Remember all the times during the last decade when Andy Reid would sit in front of the media and express his satisfaction with his receiving corps by stating that he didn’t want or need a true number one wideout in his version of the west coast offense?
He would stoically proclaim that he had a bunch of playmakers, not just one or two. Fans would throw up their hands, shake their heads in disbelief and hurl expletives at their television or computer screen. That’s because there was a major flaw in Reid’s logic. The so-called playmakers were mostly garbage.
The names are by now infamous: Charles Johnson, Torrance Small, Na Brown, James Thrash, Freddie Mitchell, Todd Pinkston, Greg Lewis, Billy McMullen, L.J. Smith, to list just a few. All these wastes of space did very little to aid the likes of Chad Lewis, Terrell Owens and Brian Westbrook. Therefore, the entire offense relied on Donovan McNabb to manufacture chicken salad from chicken shit on a weekly basis.
Those dark days may finally have reached an end. We got a glimpse of the future last season, when the trio of DeSean Jackson, Jason Avant and Brent Celek emerged as legitimate threats. This season another trio of talents have entered the picture.
Only five weeks into the ’09 campaign, Kevin Kolb, Shady McCoy and Jeremy Maclin all announced their arrivals to the NFL. Kolb won the NFC Offensive Player of the Week award, Shady leads the team in rushing and Maclin has been nominated for Rookie of the Week honors after his 142 yard, two touchdown performance versus the Bucs.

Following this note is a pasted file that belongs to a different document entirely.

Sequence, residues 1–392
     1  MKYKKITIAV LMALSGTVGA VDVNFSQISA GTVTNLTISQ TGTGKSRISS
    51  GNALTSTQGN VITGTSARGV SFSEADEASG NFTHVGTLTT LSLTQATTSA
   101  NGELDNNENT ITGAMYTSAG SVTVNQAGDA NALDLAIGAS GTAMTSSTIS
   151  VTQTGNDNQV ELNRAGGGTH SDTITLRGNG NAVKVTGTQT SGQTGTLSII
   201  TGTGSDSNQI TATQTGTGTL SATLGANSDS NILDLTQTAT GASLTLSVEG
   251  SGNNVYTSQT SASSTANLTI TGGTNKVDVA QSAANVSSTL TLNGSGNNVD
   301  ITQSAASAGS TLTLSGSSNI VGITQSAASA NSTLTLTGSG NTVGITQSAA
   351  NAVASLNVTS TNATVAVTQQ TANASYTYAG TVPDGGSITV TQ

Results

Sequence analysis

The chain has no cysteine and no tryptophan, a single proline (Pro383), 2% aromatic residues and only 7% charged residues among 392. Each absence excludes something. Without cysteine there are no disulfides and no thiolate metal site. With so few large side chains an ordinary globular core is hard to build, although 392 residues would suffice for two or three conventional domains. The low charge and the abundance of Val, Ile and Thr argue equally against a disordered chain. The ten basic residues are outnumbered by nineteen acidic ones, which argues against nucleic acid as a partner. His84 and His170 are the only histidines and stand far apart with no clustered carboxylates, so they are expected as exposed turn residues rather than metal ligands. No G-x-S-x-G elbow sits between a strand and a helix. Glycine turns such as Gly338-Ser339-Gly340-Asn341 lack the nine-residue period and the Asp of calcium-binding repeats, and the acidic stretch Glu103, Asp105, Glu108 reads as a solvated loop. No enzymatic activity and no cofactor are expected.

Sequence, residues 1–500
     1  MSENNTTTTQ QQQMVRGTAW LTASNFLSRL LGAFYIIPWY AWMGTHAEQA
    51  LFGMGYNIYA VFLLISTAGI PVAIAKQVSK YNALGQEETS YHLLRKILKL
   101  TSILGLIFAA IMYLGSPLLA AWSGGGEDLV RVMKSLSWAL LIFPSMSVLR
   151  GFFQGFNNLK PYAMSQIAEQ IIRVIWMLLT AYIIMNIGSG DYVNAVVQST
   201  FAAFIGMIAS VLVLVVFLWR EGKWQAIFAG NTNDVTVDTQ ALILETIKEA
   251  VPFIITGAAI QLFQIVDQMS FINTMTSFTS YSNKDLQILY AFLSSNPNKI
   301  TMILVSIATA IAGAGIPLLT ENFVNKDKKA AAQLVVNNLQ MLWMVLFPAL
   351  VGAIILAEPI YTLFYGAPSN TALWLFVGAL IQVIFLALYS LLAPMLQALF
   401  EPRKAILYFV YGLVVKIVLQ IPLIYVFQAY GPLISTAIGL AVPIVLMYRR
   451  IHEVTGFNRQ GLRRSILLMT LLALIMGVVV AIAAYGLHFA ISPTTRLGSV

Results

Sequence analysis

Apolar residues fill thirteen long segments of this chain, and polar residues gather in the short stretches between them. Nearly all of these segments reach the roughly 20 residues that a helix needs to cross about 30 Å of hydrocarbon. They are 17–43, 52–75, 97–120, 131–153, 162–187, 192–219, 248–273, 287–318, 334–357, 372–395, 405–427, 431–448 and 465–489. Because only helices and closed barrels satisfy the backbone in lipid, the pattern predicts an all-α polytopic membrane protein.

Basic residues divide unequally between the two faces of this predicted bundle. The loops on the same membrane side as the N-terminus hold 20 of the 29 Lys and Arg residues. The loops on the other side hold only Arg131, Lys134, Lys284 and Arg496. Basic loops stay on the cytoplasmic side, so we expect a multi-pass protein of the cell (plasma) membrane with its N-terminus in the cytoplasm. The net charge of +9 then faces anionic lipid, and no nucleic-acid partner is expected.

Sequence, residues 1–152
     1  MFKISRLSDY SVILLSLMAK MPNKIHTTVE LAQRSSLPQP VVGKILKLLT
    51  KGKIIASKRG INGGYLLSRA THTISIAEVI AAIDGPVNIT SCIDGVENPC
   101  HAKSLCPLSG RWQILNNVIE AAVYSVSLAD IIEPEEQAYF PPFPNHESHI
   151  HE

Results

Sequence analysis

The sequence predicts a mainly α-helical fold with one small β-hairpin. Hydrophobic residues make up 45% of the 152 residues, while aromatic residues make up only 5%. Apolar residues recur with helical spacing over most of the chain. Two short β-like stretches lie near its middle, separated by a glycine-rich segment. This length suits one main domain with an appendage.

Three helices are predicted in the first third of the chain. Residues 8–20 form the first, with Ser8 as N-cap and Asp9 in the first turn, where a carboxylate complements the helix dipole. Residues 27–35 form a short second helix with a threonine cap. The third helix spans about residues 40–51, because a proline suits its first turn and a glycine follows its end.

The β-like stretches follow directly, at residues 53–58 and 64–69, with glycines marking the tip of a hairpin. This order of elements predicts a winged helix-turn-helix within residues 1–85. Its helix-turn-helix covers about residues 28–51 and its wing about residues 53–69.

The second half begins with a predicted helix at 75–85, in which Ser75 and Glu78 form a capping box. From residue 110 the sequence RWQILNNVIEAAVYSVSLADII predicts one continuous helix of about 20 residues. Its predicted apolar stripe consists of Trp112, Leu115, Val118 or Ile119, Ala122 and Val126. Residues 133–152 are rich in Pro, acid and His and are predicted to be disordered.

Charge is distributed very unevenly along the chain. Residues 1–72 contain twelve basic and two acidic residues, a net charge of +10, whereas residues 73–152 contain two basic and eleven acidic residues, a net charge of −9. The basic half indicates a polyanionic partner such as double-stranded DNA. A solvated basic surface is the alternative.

In addition, Celek has become a top five tight end. DeSean is drawing more and more attention due to his big play ability. It took ten years, but Reid’s vision of a multiple threat attack is coming to fruition. McNabb – who is still very much in his prime – is surrounded by young, hungry skill players. It’s about friggin’ time.
No more piling the weight of the offense on Don and Brian’s shoulders, which is a good thing, because McNabb’s injuries are mounting and Westbrook is clearly nearing the end of a brilliant career. The proof of this renaissance is in the stats. Through five games last season, the Eagles compiled 127 points. Through four games this season, they have accumulated the same amount.
The scary thing is none of these guys (except Don) have reached their full potential. Frustratingly, it took Reid a decade to figure out drafting elite talent like Jackson and Maclin is how you improve an offense, not guessing on bargain basement bozos like James Thrash, Ryan Moats, Billy McMullen, Tony Hunt and Lorenzo Booker.
Even if McNabb is not the quarterback beyond 2010, the offense will be potent for years to come. Forget about a window of opportunity. The Eagles have aligned themselves to be contenders for the present and future. That, I think we can all agree, is very good news.